A-Rod’s Home Run Race Risks Inflatable Needles: Scott Soshnick
The New York Yankees like to talk about pinstripe pride. The aura, the team incessantly reminds us, envelops all who don the no-names-on-the-back uniform once worn by Ruth and Reggie, Gehrig and Munson, Mantle, Maris and DiMaggio, who thanked the good Lord for making him a Yankee.
The message, of course, is that Yankee pride -- unlike, say, Royals pride or Brewers pride -- represents something special.
Well, baseball fans, as Alex Rodriguez climbs Major League Baseball’s career home run list we’ll find out if pinstripe pride has morphed into a marketing ploy, something you have to wonder about in these days of stadium debt. Do the Yankees value rich history more than getting rich?
For there can be no pride in hyping and hawking A-Rod’s pursuit of, in order, Sammy Sosa, Ken Griffey Jr., Willie Mays, Babe Ruth, Hank Aaron and, ultimately, Barry Bonds. No commemorative T-shirts, hats or key chains. No holograms on the baseballs, either, because, unlike sports memorabilia, the homer-happy players long ago abandoned authenticity with pills and needle pricks.
Certainly that’s the case for the 35-year-old A-Rod, who entered last night’s game against Cleveland one home run shy of becoming just the seventh player with 600. Sosa’s up next, at 609.
This is the same A-Rod who last year offered a clunky and cockamamie explanation when he copped to using performance- enhancing drugs. His numbers and accomplishments are tainted, just like those of Mark McGwire, Sosa and, well, you know the laundry list by now.
Fittingly, it was Yankees hall-of-famer Yogi Berra, a master of malapropism, who uttered something about deja vu all over again, born of his seeing the M&M Boys, Mantle and Maris, hit back-to-back home runs on so many occasions.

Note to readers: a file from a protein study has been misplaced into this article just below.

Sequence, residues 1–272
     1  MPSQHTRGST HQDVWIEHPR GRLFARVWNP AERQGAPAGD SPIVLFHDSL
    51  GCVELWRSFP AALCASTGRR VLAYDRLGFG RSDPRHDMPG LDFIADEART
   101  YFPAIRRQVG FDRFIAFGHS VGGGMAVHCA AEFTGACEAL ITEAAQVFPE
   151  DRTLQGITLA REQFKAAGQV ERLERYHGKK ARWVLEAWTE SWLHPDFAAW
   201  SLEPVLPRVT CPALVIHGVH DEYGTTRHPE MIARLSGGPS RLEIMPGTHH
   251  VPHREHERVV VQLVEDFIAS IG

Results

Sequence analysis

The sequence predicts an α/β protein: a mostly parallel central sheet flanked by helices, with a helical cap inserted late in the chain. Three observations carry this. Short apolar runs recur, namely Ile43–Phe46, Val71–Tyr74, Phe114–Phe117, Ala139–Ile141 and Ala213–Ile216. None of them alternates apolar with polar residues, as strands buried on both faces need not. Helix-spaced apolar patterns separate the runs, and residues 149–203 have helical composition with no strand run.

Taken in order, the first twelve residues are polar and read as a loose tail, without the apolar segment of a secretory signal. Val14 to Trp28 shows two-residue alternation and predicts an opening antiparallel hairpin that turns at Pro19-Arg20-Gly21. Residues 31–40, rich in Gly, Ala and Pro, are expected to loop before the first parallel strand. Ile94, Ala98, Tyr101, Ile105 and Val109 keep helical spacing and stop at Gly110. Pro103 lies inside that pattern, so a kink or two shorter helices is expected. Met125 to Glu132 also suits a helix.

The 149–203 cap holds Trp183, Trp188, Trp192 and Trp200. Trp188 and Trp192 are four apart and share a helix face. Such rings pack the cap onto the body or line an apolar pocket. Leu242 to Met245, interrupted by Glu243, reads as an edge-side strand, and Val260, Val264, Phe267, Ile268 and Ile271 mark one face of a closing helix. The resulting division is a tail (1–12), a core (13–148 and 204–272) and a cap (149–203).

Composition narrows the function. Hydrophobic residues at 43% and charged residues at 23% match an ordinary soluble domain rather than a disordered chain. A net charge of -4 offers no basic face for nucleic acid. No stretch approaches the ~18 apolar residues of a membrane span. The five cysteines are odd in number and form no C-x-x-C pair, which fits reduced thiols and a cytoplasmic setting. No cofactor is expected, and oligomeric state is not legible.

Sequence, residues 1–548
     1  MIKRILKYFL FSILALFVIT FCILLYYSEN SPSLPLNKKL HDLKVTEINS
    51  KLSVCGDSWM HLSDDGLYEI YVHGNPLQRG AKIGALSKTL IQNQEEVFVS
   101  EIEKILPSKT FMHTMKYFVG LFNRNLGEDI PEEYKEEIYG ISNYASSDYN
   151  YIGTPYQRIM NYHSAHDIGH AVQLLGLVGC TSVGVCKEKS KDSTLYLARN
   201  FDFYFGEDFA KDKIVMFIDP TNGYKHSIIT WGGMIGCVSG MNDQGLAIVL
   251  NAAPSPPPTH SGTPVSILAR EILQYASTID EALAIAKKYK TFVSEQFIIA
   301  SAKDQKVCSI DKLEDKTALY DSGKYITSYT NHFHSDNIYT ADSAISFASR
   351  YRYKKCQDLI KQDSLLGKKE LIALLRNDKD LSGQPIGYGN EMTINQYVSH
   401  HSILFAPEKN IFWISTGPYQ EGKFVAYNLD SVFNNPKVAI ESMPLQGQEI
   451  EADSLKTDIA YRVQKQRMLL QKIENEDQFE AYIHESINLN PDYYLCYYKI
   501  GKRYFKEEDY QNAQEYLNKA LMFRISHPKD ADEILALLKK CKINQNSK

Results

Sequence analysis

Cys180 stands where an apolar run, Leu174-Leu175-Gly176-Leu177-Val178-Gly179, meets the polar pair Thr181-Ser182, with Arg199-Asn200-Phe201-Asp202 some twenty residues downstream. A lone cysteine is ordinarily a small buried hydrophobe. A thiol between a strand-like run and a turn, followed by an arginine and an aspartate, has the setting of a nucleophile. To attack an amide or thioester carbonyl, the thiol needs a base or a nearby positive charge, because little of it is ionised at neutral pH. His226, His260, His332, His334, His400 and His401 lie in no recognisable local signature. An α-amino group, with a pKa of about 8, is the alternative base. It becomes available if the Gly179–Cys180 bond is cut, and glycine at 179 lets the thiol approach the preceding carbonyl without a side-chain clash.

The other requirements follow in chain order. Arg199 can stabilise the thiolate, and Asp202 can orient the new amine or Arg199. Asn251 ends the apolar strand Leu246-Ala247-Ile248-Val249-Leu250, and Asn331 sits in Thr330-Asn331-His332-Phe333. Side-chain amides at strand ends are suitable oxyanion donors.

It was just three years ago that Bonds passed Aaron, who had toppled Ruth’s 714 en route to his resting place at 755.
Along came Bonds and his biceps, getting bigger and better with age, defying the effects of time while launching moon shots at the kayaks in McCovey Cove. Were Hal and Hank Steinbrenner watching? If so, which images stuck?
Sure, they hooted and hollered in San Francisco. They stood and cheered, no matter how much circumstantial evidence exists that Bonds took shortcuts.
The 2007 Giants were a last-place team. So they sold whatever they could, which was Bonds, who has maintained that he never knowingly took steroids. The turnstiles whirled. On the road, however, there was no celebration. Only derision, asterisks and inflatable syringes.
There was no joy on the face of Commissioner Bud Selig, who followed Bonds, game-by-game-by-game, as he approached the record.
It will be the same for A-Rod, the highest-paid player in the game. There’s still a ways to go, yes, but pinstripes must plan ahead when who knows how many marketing millions are on the line.
It was Buffett who suggested to A-Rod that he attach incremental bonuses to his climb up the list. The Yankees typically eschew individual performance bonuses, but they gave in, figuring the interest generated by his chase would enrich the team, too.
So A-Rod, who has a $275 million contract, will reap another $30 million in bonuses on the way to 763. Seemed like a good idea at the time.
At some point, the Yankees will have a choice to make. Do they embrace A-Rod’s chase, promote it, trumpet it, or do they take a muted approach?
It’s unlikely the free-spending Yankees will become a last- place team like the 2007 Giants, who had Bonds and little else to entice fans into the ballpark.
New York relies on winning to sell tickets, hot dogs, game programs and luxury suites, which is why they spend what they spend on payroll. Everything with the Yankees is predicated on their ability to field a winning team, which management uses to justify its ticket prices, which are the highest in baseball.
That’s why the Yankees got A-Rod, who, pre-admission, fit perfectly with the franchise’s brand. Nothing but the best.
Only now A-Rod and his home-run numbers are tainted, which means, like Bonds, the accomplishment won’t be embraced by most baseball fans. Inflatable syringes might even reappear.
The Yankees should ignore A-Rod’s chase. But they won’t. Only one thing trumps pinstripe pride, and that’s pinstripe profit.
(Scott Soshnick is a Bloomberg News columnist. The opinions expressed are his own.)
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